Lunch Bag Letdown

Some stories just beg telling and this is one of them.

I knew there would be trouble the minute I laid eyes on the gold lame’ lunch bag my husband plopped on the counter in front of me.  My old one, an industrial blue hardware store model, had drowned the day before in a bath of chicken noodle soup.  I’d ask my husband to grab me a new one while he was out.chanel80smetallicleathertrimwithgoldlamebrocadepaisllymotiftotepursec80s1-jpg

“I can’t use this bag!” I blurted, forgetting to be grateful that he’d gone to the trouble.  “It’s got trouble written all over it.  I’ll be laughed out of the lunchroom.”

I was right, too.  As soon as set my lunch on the long plywood table and pulled up a plastic chair, the comments erupted:

“Wow, look at Miss Fancypants over there!”

“You think you were going to a fancy diner, or something?”

“What’s with all the sparkles?  You’re blinding us.”

It was humiliating.

It was also a Friday, thank goodness.  I tossed that baby in the back seat with the conviction that it would be replaced before Monday morning came around.  I wasn’t repeating that scenario again.  Tough enough that I was only an occasional worker; I didn’t need to draw further judgement to myself.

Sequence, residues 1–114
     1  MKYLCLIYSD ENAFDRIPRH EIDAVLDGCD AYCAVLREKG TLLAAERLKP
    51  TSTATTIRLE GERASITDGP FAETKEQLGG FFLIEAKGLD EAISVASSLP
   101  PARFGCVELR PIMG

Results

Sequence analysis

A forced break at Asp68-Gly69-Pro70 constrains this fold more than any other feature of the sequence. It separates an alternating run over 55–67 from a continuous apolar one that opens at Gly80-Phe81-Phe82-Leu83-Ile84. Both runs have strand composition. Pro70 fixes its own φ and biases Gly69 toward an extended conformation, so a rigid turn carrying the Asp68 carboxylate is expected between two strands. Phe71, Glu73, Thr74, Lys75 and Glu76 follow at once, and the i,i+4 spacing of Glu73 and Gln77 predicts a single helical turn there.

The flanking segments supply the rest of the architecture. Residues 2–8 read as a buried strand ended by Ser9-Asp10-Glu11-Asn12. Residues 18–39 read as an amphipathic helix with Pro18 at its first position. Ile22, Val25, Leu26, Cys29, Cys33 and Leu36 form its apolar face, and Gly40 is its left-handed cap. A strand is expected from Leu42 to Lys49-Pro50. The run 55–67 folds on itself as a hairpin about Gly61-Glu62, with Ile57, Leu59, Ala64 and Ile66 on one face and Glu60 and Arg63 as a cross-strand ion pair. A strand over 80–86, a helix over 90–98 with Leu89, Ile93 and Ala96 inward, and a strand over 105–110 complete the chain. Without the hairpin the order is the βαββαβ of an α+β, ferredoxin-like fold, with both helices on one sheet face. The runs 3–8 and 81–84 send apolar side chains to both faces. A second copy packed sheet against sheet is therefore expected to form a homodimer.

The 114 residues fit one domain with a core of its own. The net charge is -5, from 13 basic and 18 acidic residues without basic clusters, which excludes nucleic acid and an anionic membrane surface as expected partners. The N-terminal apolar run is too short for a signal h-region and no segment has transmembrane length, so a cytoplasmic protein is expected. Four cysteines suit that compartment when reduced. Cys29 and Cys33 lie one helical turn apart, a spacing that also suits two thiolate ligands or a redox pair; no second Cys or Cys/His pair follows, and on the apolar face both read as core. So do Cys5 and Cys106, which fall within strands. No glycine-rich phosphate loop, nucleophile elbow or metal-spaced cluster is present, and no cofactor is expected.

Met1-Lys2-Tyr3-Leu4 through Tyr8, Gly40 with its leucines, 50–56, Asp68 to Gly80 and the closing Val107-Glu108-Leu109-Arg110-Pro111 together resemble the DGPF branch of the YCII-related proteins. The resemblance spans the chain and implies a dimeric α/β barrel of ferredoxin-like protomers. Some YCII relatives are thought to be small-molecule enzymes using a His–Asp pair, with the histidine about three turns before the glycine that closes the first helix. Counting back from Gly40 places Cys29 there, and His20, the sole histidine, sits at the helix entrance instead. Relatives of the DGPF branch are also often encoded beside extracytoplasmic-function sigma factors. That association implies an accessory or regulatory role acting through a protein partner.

As I did on many Fridays, I put work behind me and headed east to visit my daughter and son-in-law in Toronto.  They lived in an area of town called “The Beaches” – aptly named as it was located on the waterfront – noted for its restaurants and boutiques.  I loved to spend time with the kids exploring their neighbourhood.

Typical of most Toronto neighbourhoods, parking was limited, so I usually opted for an overnight lot nearby.  It was well-lit for security purposes, but did require a top up of the meter at 7 am, a task my son-in-law was happy to fulfill as he’d be walking the dog anyway.

I knew there was something wrong when I heard him returning to the apartment shortly after having left.

“Uhm…your car has been broken into.”  I could tell he was uncomfortable relaying the news.  “The thief broke your rear window.”

“The lunchbox!”  I had left it on the backseat.

I left a message with the police and soon had a call back.

“I have a case of lunch bag letdown for you,” I told the officer, going on to explain my predicament.

“It happens often,” he consoled.  “We never recommend leaving a purse or anything of value in sight, whether the car is locked or not.”

“Well, there was used Tupperware inside.  Hope the culprit wasn’t too disappointed.”

My son-in-law held up the object in question.  “Found it nearby!”1-jil-sander-lunch-bag

“What did I tell you about that lunchbox!”  I said, breaking the news to my husband.

I was right.  Darn thing ended up costing us close to $300.

Monday, I took my lunch in a brown paper bag.


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Permission to write, paint, and imagine are the gifts I gave myself when chronic illness hit - a fair exchange: being for doing. Relevance is an attitude. Humour essential.

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